I’m In Love with Poisoning

Would you allow our play to leave no bone unbroken?
~AFI~

 

You always remember your firsts.

An experience cannot (and should not) be explained, it can only be appreciated.

Rather than explaining an experience, one may romanticize it; romanticize, to freeze a moment and express it as it was felt. Romanticize, not romance as the definition of love, but romanticizing an experience so beautiful that a memory created should not be erased.

One can romanticize an experience, and thus freeze-frame it with as much detail and description, to come back to the memory and evoke an emotion that in time becomes a part of history. But is that not what emotion is, after all? Is it not partially a correlation between remembered feelings?

When one reaches the age of reason – or rather, when one has dealt with a history so “eventful” and challenging; when one has learned to cope and deal with the perils of maturing, it hits a pinnacle of emotional capacity. At that stage, one does not often deal with new emotions, rather a correlation between experiences felt between separate events.

Receiving one’s first gift is an amazing experience: for every gift received thereafter always brings us back to our first experience of receiving a gift. The remembered emotion; the remembered experience.

Photos speak a thousand words, but words themselves can freeze a moment and record the experience as it is felt. One does not explain the experience – one wants to know it as a memory and not recreate it as a fantasy. Expressing the memory, romanticizing an experience is what provokes passion. It is a metaphorisation of an abstract reality – but reality nonetheless. When one’s surrealism and reality intertwine and colour the memory which was meant to be black and white, the contrivance in metaphysics renders an explosion in an allegorical universe.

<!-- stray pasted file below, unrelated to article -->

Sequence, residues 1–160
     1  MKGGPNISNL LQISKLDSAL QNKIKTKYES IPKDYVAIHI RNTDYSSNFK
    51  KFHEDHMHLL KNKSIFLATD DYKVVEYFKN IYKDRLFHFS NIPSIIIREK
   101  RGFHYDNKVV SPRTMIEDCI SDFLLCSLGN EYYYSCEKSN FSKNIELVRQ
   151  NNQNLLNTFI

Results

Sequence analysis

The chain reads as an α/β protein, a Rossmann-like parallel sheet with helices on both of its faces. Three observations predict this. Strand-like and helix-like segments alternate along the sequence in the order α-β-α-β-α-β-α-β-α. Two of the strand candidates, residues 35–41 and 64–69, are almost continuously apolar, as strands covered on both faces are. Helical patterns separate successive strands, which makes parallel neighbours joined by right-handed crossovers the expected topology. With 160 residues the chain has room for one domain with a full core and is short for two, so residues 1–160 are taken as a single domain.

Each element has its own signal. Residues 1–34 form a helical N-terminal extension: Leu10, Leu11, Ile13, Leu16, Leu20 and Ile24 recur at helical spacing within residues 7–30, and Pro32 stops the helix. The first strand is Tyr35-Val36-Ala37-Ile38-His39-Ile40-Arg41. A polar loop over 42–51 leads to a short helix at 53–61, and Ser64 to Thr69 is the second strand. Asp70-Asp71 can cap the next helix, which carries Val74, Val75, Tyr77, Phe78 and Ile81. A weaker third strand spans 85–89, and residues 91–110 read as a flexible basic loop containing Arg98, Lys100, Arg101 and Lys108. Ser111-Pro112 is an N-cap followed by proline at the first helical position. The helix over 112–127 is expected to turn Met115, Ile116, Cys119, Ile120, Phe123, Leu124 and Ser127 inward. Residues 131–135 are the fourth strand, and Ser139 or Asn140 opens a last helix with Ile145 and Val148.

Every detail, every “mundane triviality,” if romanticized as beautifully as experienced, becomes the foundation for a memory, and in turn adds substance to what is commonly recognized as “prosaic.” Every limitation has a loophole: every limitation has a weakness designed to be broken through.

Moments pass; memories linger.

Retrospections last; experiences remembered.

Our emotional memory bank is resilient and buoyant. As we analyse our present in relation to our past, our experiences tolerance and acceptance level expands. All is proportionate: our experiences determine our values and priorities. The parallels between our pain and pleasure capacity are, in every respect, connected. If one has felt deep pain, one will (at any point in life) experience the same proportion of happiness.

The equilibrium and equanimity that one develops through experiences is undeniably remarkable.

Anyone can write about pain – transcribing happiness is challenging.

And to romanticize happiness – an experience so pure and so gratifying – divulges the experience to an unmitigated vertex.

An apogee. An obelisk. A culmination.

A climax.

Experiences can be frozen and treasured, preserved deep in the vault of an emotional memory bank.

Experiences and memories, when romanticised, merges the line between fantasy and memory.

Our concern for complications renders the negligence of simplicity.

        But the beauty of it all lies in the simplicity that the memory is not a construction – the simplicity of its surrealism.

2 thoughts on “I’m In Love with Poisoning

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